In reviewing the pleadings, we take the inmate's allegations as true and must determine "whether, as a matter of law, the petition stated a cause of action that would authorize relief." Brewer v. Simental, 268 S.W.3d 763, 770 (Tex. App.-Waco 2008, no pet.). We review pro se pleadings "by standards less stringent than those applied to formal pleadings drafted by lawyers." Id. A claim has no arguable basis in law only if it is based on (1) wholly incredible or irrational factual allegations, or (2) an indisputably meritless legal theory. Nabelek v. Dist. Attorney of Harris Cnty., 290 S.W.3d 222, 228 (Tex. App.-Houston [14th Dist.] 2005, pet. denied). An inmate's claim may not be dismissed merely because the court considers the allegations "unlikely." Id. The judgment of the trial court will be affirmed if that judgment can be upheld on any reasonable theory supported by the evidence. Hamilton v. Pechacek, 319 S.W.3d 801, 809 (Tex. App.-Fort Worth 2010, no pet.).

         III. Discussion

         Appellant's claims against appellees Blackwell, Kwarteng, Jarrett, and Chapa must be dismissed because appellant failed to exhaust his administrative remedies against them. As noted, appellant exhausted his administrative remedies only against appellee Long by naming her in his Step One and Step Two grievances. Appellant named appellee Blackwell in his Step Two grievance, but failed to name her in his Step One grievance. Appellant did not name any of the other three appellees in either grievance procedure, nor did he identify in his petition any specific allegedly wrongful acts or omissions attributable to them.

          Section 501.008 of the Texas Government Code establishes a statutory requirement that inmate grievance procedures be exhausted against all named parties before a subsequent suit is initiated in court. Tex. Gov't Code Ann. § 501.008(d) (West, Westlaw through Ch. 49, 2017 R.S.). Section 14.005 of the civil practice and remedies code allows the trial court to ensure that an inmate proceeding in forma pauperis has first exhausted the grievance procedure, if applicable. See Smith v. Tex. Dep't of Crim. Justice-Inst'l Div., 33 S.W.3d 338, 341 (Tex. App.-Texarkana 2000, pet. denied). A trial court shall dismiss a claim if an inmate fails to exhaust the grievance procedures and fulfill all procedural requirements prior to filing a claim. Tex. Civ. Prac. & Rem. Code Ann. § 14.005. An inmate has not exhausted the grievance procedures for individuals named in his petition who were not named in his grievance. See Leachman v. Dretke, 261 S.W.3d 297, 311 (Tex. App.-Fort Worth 2008, no pet.) (holding that, to satisfy the exhaustion requirement of section 14.005, an inmate must file both a Step 1 and a Step 2 grievance against each defendant); see also Riddle v. TDCJ-ID, No. 13-05-054-CV, 2006 WL 328127, at *2 (Tex. App.-Corpus Christi Feb. 9, 2006, pet. denied) (mem. op.). Here, appellant failed to exhaust his administrative remedies as to appellees Blackwell, Kwarteng, Jarrett, and Chapa, and the trial court did not err in dismissing appellant's claims against them as frivolous.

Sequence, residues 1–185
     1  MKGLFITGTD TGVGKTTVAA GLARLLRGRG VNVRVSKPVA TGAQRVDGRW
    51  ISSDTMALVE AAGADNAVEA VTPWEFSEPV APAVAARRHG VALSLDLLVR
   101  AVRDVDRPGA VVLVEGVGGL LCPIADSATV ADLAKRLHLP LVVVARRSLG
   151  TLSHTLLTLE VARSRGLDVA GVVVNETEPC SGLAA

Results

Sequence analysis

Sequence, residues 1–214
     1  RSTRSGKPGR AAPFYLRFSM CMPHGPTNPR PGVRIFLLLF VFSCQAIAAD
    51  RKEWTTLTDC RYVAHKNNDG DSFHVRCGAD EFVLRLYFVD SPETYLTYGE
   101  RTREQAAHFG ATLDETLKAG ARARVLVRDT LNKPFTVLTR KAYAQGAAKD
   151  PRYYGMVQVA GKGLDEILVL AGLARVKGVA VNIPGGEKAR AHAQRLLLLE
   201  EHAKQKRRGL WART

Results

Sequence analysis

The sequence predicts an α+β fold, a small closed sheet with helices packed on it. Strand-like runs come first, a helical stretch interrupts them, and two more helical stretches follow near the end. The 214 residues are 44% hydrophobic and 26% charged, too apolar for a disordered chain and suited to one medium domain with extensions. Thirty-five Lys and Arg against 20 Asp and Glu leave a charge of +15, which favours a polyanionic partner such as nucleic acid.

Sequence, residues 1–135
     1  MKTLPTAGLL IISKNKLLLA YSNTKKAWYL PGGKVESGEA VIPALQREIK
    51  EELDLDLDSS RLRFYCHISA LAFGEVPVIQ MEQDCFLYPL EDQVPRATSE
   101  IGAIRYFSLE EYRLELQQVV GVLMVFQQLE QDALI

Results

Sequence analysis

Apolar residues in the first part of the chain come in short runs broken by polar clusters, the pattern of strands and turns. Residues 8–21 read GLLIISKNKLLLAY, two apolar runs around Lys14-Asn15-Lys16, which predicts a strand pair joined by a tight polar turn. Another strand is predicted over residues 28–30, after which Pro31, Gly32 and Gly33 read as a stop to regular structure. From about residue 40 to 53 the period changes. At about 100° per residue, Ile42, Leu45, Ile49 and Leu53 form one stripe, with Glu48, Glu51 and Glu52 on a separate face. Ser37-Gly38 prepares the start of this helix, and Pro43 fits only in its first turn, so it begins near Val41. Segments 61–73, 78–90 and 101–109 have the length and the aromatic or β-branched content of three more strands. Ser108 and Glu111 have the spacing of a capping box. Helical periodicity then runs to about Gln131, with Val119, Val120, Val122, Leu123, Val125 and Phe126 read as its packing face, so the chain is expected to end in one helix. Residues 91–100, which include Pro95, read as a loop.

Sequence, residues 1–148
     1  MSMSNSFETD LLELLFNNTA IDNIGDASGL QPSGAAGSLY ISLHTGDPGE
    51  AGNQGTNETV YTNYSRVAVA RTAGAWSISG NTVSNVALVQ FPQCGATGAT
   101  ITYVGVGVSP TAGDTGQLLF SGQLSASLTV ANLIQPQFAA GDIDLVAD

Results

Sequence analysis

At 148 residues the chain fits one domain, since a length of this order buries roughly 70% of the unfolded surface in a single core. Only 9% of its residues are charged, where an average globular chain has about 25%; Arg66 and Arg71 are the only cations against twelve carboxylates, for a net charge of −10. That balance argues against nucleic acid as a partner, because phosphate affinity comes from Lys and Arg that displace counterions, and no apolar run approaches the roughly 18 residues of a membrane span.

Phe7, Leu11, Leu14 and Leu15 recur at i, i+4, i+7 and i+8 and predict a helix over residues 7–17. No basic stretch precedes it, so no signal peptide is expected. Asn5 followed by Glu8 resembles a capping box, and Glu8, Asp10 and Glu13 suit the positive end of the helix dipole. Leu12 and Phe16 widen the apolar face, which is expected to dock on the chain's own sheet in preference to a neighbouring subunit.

As to appellee Long, appellant asserted that a $100 annual health care service fee was "unlawfully appropriated" from his trust fund account. Appellant contended that he was exempt from paying the $100 fee because he was a "chronic care" allergy patient with a documented medical history of treatment for allergies. Appellant contended that Long failed to review his medical history of prior visits. In his petition, appellant characterized his theft claim as a violation of the Theft Liability Act (TLA). See Tex. Civ. Prac. & Rem. Code Ann. § 134.001-.005 (West, Westlaw through Ch. 49, 2017 R.S.). Appellant also asserted that appellees committed fraud by falsely representing that he was not entitled to an exemption for the annual health care service fee.

         A suit against an employee of a government agency that is based on acts within the general scope of the agency's employment relationship is the equivalent of a suit against the agency's employee in his official capacity regardless of whether the defendant can recover on the claim. See Franka v. Velasquez, 332 S.W.3d 367, 382 n.68 (Tex. 2011). In this case, the trial court apparently concluded that appellant was seeking to sue Long under the TLA for activities that allegedly occurred that fell within the scope of her employment as a TDCJ employee. However, the TLA does not include a waiver of immunity for a state agency of the agency's employees for conduct that was within the course of the employees' employment. See Lopez, 414 S.W.3d at 896. ...